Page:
A Legacy of Whining (Blu-ray)

September 25, 2020 6 Min Read

Review by: Matt Brighton

Plot: What’s it about?

Maybe it’s human nature, but the older I get the more I feel the need or desire to look at the past. It’s a trait in humans, I think, to look at the past and become nostalgic. And sometimes it’s a good thing and other times, it’s not. Here’s a quick story…I’d always pined over this one laptop computer I’d wanted about 15 years ago. At the time it was too expensive. Well, about a year ago I purchased it on eBay. It was quite used, but still in good shape. And after messing with it for about an hour I thought to myself “why did I do this?” The point being, things aren’t always just the way you remember them. This seems to resonate with Mitch, the character in the 2016 comedy A Legacy of Whining. Heard of it? Neither had I until writer/director Ross Munro reached out to me on Twitter and asked me to take a look at his Blu-ray. Here’s the scoop…

Mitch (Ross Munro) is at a crossroads in his life. He’s approaching 50 years old and doesn’t have a lot to show for it other than a misprinted licenses plate the reads “Lesbian” as opposed to his preferred “Thespian.” But that’s the least of his problems. He meets up with his old high school buddy, Dunc (Robert David Duncan). The two haven’t seen each other in three decades, since high school. The two drive around discussing life and what’s happened since school, though Mitch seems more focused on reliving the past, Dunc is firmly planted in the present. Without giving too much away, the two find themselves in a few precarious situations that make the film worthwhile.

If you’re a fan of Canadian humor (think The Kids in the Hall, Nathan For You or Bob and Doug McKenzie) then this will be right up your alley. It’s funny, clever and insightful. And, maybe it’s just me, but I felt that I could relate to the characters – perhaps because I myself am approaching 50 years old and find their situations in life similar to my own? As for the film, I caught some shades of Scorsese’s After Hours or even Adventures in Babysitting where things just seem to happen to the main characters time and again. Or maybe I’m totally off? At any rate, this is one of those film’s that I’d likewise never given a chance, but you know what – I’m glad I did.

Video: How’s it look?

This might register as odd, but I’ve got some custom coding in this site that when I check the box to specify a title as “Blu-ray” it will either display one of two options: VC-1 or AVC. Well, this is neither. Yes, this is listed as an MPEG (the same that DVD offers) so I’m not sure if this should actually qualify as a bona fide Blu-ray or not. But I won’t prattle on about such mundane things. That said, I found the 1.78:1 transfer more than acceptable. Colors are bright and vivid and showcase a vast array of the color palette. Detail is tack sharp and despite most of the film taking place at night (darkness is usually not a film’s friend) the transfer didn’t seem challenged in the least. It’s a good-looking picture.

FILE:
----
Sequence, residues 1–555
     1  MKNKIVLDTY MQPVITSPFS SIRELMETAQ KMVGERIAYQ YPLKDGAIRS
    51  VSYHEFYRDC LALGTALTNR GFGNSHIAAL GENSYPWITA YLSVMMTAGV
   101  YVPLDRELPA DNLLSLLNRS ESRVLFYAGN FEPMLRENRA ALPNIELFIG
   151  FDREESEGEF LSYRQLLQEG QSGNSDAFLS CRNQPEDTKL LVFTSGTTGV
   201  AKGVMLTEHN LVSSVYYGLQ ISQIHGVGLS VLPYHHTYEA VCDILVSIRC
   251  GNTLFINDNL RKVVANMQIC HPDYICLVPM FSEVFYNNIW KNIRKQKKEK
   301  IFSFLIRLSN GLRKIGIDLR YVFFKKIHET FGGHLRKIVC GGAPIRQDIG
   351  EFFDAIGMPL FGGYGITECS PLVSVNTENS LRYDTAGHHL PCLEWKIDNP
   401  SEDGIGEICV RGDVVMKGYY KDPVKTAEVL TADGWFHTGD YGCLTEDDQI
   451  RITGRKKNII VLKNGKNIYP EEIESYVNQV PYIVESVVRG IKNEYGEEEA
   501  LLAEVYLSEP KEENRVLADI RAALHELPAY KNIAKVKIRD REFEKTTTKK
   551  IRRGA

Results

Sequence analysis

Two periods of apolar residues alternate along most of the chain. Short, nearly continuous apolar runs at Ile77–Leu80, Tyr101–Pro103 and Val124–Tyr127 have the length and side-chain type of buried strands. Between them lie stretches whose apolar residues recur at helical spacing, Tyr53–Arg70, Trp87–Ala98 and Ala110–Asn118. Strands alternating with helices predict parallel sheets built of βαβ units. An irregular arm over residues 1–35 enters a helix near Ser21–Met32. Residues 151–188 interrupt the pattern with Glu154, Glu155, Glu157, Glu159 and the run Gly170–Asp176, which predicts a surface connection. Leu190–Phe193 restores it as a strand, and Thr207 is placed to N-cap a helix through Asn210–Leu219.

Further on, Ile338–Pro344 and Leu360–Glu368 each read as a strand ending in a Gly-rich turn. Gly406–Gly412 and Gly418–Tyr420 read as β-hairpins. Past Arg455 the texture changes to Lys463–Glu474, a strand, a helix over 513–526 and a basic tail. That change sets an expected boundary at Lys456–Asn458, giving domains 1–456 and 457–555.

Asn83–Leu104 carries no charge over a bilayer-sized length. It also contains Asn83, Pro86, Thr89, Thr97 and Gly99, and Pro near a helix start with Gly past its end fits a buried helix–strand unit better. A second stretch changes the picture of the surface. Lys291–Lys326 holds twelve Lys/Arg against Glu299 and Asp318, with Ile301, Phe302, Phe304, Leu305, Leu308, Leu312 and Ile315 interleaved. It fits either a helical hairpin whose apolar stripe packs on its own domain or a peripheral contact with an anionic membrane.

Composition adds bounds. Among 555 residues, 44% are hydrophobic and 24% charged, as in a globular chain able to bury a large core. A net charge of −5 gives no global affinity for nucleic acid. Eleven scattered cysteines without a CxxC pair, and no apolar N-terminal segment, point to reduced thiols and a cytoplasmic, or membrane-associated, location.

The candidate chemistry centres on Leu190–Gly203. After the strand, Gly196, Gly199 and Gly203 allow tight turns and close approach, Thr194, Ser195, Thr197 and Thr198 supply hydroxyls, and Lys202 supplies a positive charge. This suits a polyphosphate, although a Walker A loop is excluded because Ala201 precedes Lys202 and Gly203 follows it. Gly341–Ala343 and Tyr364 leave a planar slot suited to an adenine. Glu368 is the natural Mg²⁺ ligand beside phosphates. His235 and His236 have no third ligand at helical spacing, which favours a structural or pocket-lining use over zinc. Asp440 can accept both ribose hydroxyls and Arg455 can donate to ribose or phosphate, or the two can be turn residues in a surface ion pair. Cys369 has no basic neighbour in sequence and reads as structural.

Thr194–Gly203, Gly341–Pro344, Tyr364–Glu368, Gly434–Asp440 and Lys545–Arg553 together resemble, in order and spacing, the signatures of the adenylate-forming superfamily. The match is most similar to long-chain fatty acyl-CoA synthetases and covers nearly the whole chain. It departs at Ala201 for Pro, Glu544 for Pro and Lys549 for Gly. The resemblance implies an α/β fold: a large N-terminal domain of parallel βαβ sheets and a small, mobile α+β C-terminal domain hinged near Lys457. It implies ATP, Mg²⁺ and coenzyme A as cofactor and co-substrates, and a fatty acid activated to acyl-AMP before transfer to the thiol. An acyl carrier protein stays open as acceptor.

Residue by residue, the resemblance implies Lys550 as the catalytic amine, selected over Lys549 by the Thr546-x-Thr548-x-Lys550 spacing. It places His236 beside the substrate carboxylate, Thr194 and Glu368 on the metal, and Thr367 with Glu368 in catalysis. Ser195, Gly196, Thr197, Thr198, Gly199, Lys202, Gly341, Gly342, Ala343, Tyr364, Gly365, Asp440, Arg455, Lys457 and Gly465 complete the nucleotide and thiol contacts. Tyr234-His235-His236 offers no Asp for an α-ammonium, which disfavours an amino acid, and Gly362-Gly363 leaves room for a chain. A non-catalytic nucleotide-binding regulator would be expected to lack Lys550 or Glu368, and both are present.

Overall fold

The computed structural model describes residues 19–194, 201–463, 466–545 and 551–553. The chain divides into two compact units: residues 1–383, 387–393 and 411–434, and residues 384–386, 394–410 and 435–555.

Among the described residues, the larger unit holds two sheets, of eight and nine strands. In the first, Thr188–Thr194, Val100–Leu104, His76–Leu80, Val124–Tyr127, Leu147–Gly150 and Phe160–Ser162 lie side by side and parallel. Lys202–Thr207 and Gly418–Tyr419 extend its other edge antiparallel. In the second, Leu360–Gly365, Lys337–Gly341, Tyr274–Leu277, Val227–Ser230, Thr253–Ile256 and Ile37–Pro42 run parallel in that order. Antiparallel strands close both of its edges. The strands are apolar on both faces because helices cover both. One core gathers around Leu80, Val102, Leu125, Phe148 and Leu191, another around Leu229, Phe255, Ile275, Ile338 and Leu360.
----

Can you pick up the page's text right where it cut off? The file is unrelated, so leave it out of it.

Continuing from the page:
Audio: How’s it sound?

This is about as dialogue-driven as a movie gets and the included Dolby Digital sound mix does a fairly good job. Vocals sound sharp and crisp, there are some scenes that engage the surrounds, but they’re few and far between. Channel separation is adequate and I had no problems with what I heard in the least. Quite simply, it gets the job done.

Supplements: What are the extras?

  • Behind the Whining: The Making of A Legacy of Whining Documentary – The disc’s major supplement is this 25 minute documentary that covers all aspects of the film, from its inception, casting and the like. We’re treated to some behind the scenes footage as well as some candid conversation with writer/director Ross Munro.
  • Music Video – “Young, British and Snotty” by The Snotty Punks.
  • Theatrical Trailer

The Bottom Line

There are some genuine laugh out loud moments in the film and while this style of humor might not be up everyone’s alley, I found myself digging it. Then again I have somewhat of a flare for that Canadian sense of humor. The Blu-ray looks and sounds good despite not having the benefits of a big studio film (DTS sound, AVC encoding and the like). And at 73 minutes, it’s not a huge investment of one’s time. Give it a shot – I think you’ll be glad you did.

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